Leader of the Opposition, Arnhim Eustace.

ST. VINCENT: – The opposition New Democratic Party (NDP) is calling its supporters to a “peaceful protest” in Kingstown on Thursday, August 2, amidst an announcement that the Boundaries Commission will meet despite an injunction prohibiting the publication of its July 9 report.

NDP president and Leader of the Opposition Arnhim Eustace said on radio Wednesday night that the Boundaries Commission will accept the changes his representative, Selwyn Jones, had initially proposed.

Parliament in March decided that the number of constituencies in SVG should be increased from 15 to 17, ahead of general elections due by March 2011.

But Jones did not sign the Boundaries Report on July 9 and the NDP filed an injunction against its publication, charging that the other two commissioners did not follow the legal procedures.

The NDP is wary of the meeting on Thursday, saying that if the changes are accepted, then the new report can be gazetted and Parliament dissolved, paving the way for general elections in 17 constituencies rather than the existing 15.

The NDP opposes increasing the number of constituencies here, which was among proposals that voters rejected in a proposed revised constitution last November. (Go to the homepage to subscribe to I Witness-News)

“We are saying people must come out and show their dissatisfaction with this matter, there is reason for the boundaries commission to meet. We have an injunction there. What other reason can they have for meeting? And the injunction is there until such time until the constitutional motion is heard by the court. So, this is just a way to try and circumvent the decision of the court,” Eustace said.

The High Court on August 24 granted a continuance of the July 9 injunction until the substantive issues are tried.

The court would decide if the Boundaries Commission contravened Section 38 of the Constitution when it increased the constituencies without considering the latest census.

Among the other substantive issues is whether consultation with the Leader of the Opposition or any other political party is critical when determining constituency boundaries.

Lawyers for the NDP say the Commission was not properly constituted because Auldric Williams, who represents the Governor General and Arthur Williams, who represents the Prime Minister on the commission, acted in the absence of Jones, the Leader of the Opposition’s representative.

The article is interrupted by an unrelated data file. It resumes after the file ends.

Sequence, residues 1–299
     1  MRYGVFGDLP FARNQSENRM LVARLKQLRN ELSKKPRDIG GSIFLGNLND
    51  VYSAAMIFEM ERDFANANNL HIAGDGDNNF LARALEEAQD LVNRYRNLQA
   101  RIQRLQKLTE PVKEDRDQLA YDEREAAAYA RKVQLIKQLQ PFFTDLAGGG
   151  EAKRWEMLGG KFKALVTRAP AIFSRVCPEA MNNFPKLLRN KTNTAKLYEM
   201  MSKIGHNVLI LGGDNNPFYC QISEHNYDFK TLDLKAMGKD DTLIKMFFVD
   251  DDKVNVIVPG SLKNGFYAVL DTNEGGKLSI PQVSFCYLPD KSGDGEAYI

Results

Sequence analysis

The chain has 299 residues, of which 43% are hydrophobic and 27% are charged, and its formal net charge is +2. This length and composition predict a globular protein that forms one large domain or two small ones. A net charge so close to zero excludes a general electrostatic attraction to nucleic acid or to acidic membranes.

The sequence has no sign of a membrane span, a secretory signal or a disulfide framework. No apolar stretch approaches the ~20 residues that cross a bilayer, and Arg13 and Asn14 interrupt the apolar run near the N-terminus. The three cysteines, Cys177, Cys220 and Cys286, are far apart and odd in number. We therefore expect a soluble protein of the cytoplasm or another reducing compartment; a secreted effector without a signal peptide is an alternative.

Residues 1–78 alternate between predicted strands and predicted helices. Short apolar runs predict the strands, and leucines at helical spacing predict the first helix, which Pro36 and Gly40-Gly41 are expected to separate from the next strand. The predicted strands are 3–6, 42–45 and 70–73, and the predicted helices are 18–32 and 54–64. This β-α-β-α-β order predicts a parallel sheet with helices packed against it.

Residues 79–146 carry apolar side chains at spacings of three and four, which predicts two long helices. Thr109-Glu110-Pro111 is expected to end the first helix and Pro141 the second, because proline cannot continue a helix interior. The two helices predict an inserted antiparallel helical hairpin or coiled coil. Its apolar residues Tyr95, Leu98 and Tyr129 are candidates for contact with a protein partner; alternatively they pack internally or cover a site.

They say the two commissioners divided the country into 17 constituencies rather than simply adding the two that Parliament had approved and that the men did this before taking the oath of office.

Lawyer Linton Lewis, who is chairman of the NDP and a candidate in the upcoming general elections, said these issues will have to be addressed even if the Commission accepts Jones’ proposals.

“Those factors are still very much alive and those are factors upon which the application is based,” he said on radio Wednesday night.

Eustace said the meeting on Thursday was being orchestrated by the Unity Labour Party (ULP) government headed by Dr. Ralph

Prime Minister Ralph Gonsalves.

Gonsalves.

“People must come out and show their dissatisfaction with the action being taken by this government. I am not dealing with the Boundaries Commission members. They are acting on the instruction from the Prime Minister of St. Vincent and the Grenadines. They won’t start up that by themselves,” Eustace said.

But Gonsalves, speaking at his Unity Labour Party’s (ULP) political meeting Wednesday night, said that the Justice Gertel Thom, in her August 24 ruling, had said the work of the Boundaries Commission was incomplete.

He said that as a lawyer, he believes that the Commission can continue its work, adding, “The judge said that until the report is published, the commission is still alive.”

Gonsalves said the NDP was trying to delay the elections.

“They want to play for time to see if they can block the 17 seats,” he said, adding that his party will be returned for a third term in office regardless of the number of seat to be contested in the elections.

“Fifteen or 17, is licks like peas,” Gonsalves said.